During the question and answer period of a recent congregational meeting which was called for the purpose of determining the will of the membership regarding fund raising for a church building expansion project, one member voiced concern over some aspects of the design proposal. The member said, among other things, that the room designated as narthex was “basically wasted space.”
Over the years I have developed a strong aversion to the term “wasted space” and regularly cringe at its use. This is because those with a limited appreciation of the nature of architecture often use this term to demean high ceiling, large volume spaces, or spaces which are generously proportioned in response to aesthetic and spirit elevating criteria rather than functional requirements alone. I assure you, the Chartres Cathedral does not have any “wasted space” in it.
In this instance the speaker was revealing a fundamental lack of understanding of this room’s deep significance to the life of the congregation–from the perspective of ministry and the perspective of the symbolic.
Ministry is of course performed by people. Church buildings are simply instruments for ministry; tools for the delivery of ministry. But while this is true, it is also true that buildings and their individual spaces also carry meaning beyond their basic functional purposes. It has been said that we shape our buildings, and thereafter they shape us.
In a sermon preached on the occasion of the installation of the current president of the Board of Church Extension of the Christian Church (Disciples of Christ), the president of that denomination, Dr. Richard L. Hamm, said that the significance of church buildings is lodged in their speaking “of the lasting quality of the values and truth which the institutions they house represent;” and that they should be “incarnational manifestations of their mission.” The church buildings we create, then, do more than provide basic shelter; how they are fashioned and the choices we make as we shape them point very directly to whom we are as the Church.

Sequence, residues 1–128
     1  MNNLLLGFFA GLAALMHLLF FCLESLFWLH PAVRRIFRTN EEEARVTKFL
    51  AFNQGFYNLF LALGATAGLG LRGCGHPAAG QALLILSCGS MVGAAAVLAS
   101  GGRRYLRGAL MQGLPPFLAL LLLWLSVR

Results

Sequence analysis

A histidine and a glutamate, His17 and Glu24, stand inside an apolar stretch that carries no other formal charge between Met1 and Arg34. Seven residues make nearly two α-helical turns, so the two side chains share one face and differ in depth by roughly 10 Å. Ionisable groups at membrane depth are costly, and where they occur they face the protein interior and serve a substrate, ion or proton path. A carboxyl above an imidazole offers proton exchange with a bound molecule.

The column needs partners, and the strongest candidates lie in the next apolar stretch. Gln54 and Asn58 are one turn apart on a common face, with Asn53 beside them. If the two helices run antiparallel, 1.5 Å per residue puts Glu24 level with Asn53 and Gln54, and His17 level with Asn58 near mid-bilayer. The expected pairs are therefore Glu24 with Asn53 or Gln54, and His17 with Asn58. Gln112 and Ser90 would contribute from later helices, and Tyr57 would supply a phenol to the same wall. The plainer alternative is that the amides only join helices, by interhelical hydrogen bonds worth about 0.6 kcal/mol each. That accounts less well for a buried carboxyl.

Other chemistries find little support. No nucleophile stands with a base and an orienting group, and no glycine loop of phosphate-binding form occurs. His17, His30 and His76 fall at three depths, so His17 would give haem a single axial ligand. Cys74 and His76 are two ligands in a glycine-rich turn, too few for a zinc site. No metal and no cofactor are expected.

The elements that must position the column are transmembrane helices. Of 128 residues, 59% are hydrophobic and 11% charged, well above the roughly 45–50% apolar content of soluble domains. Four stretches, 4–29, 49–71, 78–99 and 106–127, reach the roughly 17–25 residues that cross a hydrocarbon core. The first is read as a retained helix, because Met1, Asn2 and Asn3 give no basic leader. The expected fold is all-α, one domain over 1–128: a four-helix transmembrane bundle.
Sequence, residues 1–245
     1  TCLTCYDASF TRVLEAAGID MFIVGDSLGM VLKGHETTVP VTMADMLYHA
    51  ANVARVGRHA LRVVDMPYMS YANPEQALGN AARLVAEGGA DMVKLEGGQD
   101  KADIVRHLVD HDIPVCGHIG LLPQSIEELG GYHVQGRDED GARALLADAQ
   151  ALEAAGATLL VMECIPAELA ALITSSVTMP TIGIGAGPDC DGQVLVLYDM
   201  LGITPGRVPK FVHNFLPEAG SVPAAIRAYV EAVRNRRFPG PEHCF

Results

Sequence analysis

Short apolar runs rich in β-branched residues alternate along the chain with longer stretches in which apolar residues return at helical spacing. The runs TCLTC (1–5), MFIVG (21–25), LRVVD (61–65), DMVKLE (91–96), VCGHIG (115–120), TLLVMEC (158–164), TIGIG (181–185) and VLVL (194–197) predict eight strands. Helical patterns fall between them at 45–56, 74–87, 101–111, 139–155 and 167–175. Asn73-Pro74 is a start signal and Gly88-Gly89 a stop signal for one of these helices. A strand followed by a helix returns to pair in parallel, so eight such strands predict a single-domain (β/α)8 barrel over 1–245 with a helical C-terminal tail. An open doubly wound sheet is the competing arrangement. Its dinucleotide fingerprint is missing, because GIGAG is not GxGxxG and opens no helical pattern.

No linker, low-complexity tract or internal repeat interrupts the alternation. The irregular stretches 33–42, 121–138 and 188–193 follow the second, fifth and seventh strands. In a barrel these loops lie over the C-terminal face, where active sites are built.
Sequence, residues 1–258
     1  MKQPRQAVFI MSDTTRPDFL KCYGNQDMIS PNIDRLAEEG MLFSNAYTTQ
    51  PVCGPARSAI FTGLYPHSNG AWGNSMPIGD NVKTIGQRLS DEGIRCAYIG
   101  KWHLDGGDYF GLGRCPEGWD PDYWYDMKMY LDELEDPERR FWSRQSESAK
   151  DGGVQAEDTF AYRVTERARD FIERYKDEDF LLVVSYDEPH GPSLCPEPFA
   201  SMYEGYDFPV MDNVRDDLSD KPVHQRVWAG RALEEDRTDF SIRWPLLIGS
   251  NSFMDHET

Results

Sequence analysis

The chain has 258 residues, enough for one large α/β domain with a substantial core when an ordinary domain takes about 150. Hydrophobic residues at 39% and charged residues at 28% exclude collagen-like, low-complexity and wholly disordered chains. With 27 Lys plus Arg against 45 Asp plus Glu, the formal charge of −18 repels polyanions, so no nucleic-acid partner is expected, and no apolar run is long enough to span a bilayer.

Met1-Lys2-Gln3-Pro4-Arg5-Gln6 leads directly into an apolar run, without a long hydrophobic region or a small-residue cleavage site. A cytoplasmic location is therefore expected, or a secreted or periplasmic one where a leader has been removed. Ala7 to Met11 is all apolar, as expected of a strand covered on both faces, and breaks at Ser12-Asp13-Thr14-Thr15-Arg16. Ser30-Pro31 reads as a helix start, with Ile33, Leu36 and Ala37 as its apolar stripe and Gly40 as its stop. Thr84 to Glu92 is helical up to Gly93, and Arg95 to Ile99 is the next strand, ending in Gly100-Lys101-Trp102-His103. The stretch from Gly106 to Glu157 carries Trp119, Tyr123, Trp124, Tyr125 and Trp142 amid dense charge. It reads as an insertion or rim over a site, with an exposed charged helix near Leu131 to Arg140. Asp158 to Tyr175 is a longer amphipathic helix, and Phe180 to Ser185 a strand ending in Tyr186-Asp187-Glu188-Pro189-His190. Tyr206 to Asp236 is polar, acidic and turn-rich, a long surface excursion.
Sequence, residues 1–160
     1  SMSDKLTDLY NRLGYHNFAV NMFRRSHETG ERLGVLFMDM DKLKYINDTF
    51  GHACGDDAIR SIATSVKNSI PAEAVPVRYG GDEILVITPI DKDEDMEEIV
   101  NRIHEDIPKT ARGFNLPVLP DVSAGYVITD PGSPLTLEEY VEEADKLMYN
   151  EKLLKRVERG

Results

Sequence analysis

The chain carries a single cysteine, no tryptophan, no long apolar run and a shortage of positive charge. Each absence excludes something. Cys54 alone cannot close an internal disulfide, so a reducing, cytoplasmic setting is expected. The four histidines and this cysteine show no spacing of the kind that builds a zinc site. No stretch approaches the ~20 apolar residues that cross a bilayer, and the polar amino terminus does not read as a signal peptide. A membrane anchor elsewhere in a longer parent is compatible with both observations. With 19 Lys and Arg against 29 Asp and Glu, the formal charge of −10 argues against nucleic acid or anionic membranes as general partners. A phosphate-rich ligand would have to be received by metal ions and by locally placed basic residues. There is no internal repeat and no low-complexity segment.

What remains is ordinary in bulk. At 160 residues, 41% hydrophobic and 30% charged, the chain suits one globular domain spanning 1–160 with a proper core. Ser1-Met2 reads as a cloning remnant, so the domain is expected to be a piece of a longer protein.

Much as been written about the theological imperatives which come into play when giving shape to the spaces in our church buildings which are provided for the liturgy–the spaces designated and designed to accommodate the action of the assembled people of God in Word and Sacrament ministry. The 1987 Lutheran Church in America publication Where We Worship, states that the worship space has at its heart the “gathered people” of God–the “baptized assembly;” and is “at once assembly room, eucharistic room, baptismal room, and preaching room.” The literature on ecclesiastical architecture then deals primarily with how to manifest in authentic architectural form the relationship between the assembly and the centers of liturgical action.
The same literature has comparatively little to say about the full significance of the narthex. It deals only with the narthex as a companion or attendant space to the worship room–a place for gathering and prefatory interaction in anticipation of the worship event.